11. On the contrary the single-member decision in the case of the same appellant entity Bharat Heavy Electricals Ltd. v. Commr. of C.T 2020 (41) G.S.T.L. 465 (Tri. – Hyd.) followed the approach of the decision of Gauri Plasticulture (supra) and held that the refund of the cess balances cannot be granted.

12. Recently Bangalore Bench of CESTAT in the case of Kirloskar Toyota Textile Machinery Pvt Ltd v. Commissioner of Central Tax (2021-VIL-375-CESTAT-BLR-CE) followed the decision in the case of Bharat Heavy Electricals Ltd (supra) and held that the appellant shall be entitled to the cash refunds of the unutilized cess balances as on 30.06.2017. It may be noted that in this case also the cess balance was accumulated as the appellant was engaged in the export of services. It may also be noted that the CESTAT chose to follow the approach of Slovak India as the said decision was rendered by the jurisdictional High Court (Karnataka) and as part of judicial discipline, the bench of CESTAT in that jurisdiction is required to follow the said decision. Further, the bench did not follow the single-member contrary decision (supra) as the decision of the division bench shall prevail over the decision of the Single Member

Way forward

13. We submit based on the aforesaid discussion that the approach to be followed in the GST context cannot just be a question of choice between the Slovak India approach and Gauri Plasticulture approach. The former relied on the fact that such refunds are not prohibited in law whereas the latter relied on the fact that such refunds are specifically not allowed in law. Although Sec. 11B of the Central Excise Act, 1944 do not contain an express provision to allow the refunds of such unutilized balances, one also needs to consider the transitional provisions in terms of Sec. 142 which allows the refunds of the claims related to CENVAT credit (that will include the cess) in cash. The same has been formulated to avoid the CENVAT credit that is otherwise allowable to become a cost. Hence we submit that the finality of the approach (by the Apex Court), as well as the interpretation of Sec. 142, shall hold a key to determine the eventual fate of the refund claims. Till such time it is advisable to keep the claims alive. That brings us to the two other facets of the issue viz. the time limitation and the forum wherein the issue can be litigated. We also feel, based on the readings of the aforementioned cases, that the stand of the taxpayer in the situations where the balance relates to exports shall be stronger than other situations where the cess remained unutilized.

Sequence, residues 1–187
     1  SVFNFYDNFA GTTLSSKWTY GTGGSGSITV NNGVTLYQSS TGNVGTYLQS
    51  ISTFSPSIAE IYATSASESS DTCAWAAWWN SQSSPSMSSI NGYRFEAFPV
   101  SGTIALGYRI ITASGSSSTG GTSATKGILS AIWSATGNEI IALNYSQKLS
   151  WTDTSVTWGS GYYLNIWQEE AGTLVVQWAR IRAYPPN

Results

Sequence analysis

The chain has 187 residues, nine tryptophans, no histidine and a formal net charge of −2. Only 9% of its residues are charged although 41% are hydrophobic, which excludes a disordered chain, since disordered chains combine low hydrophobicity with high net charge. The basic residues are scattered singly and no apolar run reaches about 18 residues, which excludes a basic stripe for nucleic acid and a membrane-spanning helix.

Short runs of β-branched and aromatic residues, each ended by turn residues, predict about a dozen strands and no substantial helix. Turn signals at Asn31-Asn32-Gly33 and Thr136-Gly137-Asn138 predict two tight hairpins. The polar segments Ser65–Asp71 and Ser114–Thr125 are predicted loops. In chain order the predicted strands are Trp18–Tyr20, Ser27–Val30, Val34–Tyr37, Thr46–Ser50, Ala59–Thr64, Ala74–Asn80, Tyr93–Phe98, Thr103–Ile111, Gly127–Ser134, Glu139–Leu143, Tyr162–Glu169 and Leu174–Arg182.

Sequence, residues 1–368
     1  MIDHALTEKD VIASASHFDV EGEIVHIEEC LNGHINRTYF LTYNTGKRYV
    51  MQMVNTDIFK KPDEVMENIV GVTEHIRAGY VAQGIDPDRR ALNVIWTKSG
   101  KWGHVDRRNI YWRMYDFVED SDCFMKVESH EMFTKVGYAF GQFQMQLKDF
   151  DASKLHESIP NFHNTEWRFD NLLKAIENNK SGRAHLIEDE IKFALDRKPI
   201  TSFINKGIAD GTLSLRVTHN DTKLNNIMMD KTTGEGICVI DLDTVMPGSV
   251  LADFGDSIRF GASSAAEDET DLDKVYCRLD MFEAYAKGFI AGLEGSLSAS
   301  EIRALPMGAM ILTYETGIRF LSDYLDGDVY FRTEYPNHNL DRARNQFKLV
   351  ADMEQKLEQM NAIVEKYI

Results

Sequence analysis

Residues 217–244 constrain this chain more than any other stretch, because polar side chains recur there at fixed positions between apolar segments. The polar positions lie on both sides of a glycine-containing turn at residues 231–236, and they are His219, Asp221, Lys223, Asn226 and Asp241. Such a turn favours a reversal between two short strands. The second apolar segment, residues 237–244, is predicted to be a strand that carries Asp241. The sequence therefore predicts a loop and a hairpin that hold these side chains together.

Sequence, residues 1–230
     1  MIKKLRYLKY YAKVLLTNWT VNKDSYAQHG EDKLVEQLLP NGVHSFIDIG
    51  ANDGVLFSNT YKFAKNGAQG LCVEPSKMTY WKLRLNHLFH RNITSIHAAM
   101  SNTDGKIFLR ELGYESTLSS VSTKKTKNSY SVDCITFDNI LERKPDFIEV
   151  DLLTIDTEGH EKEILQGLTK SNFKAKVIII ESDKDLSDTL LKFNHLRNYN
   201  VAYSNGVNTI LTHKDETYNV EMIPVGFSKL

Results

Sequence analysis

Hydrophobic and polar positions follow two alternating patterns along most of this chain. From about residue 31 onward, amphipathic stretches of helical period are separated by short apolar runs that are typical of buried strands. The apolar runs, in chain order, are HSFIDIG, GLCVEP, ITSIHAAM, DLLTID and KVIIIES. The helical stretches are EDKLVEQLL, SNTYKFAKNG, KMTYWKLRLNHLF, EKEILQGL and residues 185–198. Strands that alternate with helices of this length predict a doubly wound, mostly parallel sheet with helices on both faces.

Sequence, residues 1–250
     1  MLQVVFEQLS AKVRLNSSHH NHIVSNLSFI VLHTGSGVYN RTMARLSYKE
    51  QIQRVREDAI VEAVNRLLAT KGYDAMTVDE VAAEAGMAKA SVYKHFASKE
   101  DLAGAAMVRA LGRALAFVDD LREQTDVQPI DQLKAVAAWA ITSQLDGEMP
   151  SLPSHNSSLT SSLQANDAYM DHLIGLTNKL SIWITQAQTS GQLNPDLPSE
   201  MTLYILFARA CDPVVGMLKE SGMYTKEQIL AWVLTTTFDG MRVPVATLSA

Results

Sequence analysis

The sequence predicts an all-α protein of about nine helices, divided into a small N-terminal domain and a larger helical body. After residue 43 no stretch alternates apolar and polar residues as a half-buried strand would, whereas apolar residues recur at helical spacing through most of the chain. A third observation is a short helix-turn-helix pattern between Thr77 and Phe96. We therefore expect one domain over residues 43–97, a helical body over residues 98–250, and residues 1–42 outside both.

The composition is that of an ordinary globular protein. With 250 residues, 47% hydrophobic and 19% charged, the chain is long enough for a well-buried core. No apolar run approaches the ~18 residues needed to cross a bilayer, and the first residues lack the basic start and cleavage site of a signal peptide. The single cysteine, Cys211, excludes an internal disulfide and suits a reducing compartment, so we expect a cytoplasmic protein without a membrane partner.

Time limitations

14. If one adopts the Slovak India approach to justify the claim, one will be faced with a question as regards the time limits within which the claim is to be filed. It may be recollected that the decision in the case of Slovak India did not expressly refer to the provisions of Sec. 11B while allowing the refund claims of the unutilized credits on the closure of the unit. One may therefore be tempted to apply the normal limitation (3 years) under the Limitation Act, 1963 to be counted from 01.07.2017. One may also consider the fact that the amendment to Sec. 140 restricting the carry forward of the cess balances was made vide amendment dated 30.08.2018. Hence the period of three years shall have to be considered from the said date. Hence the same shall expire on 30.08.2021.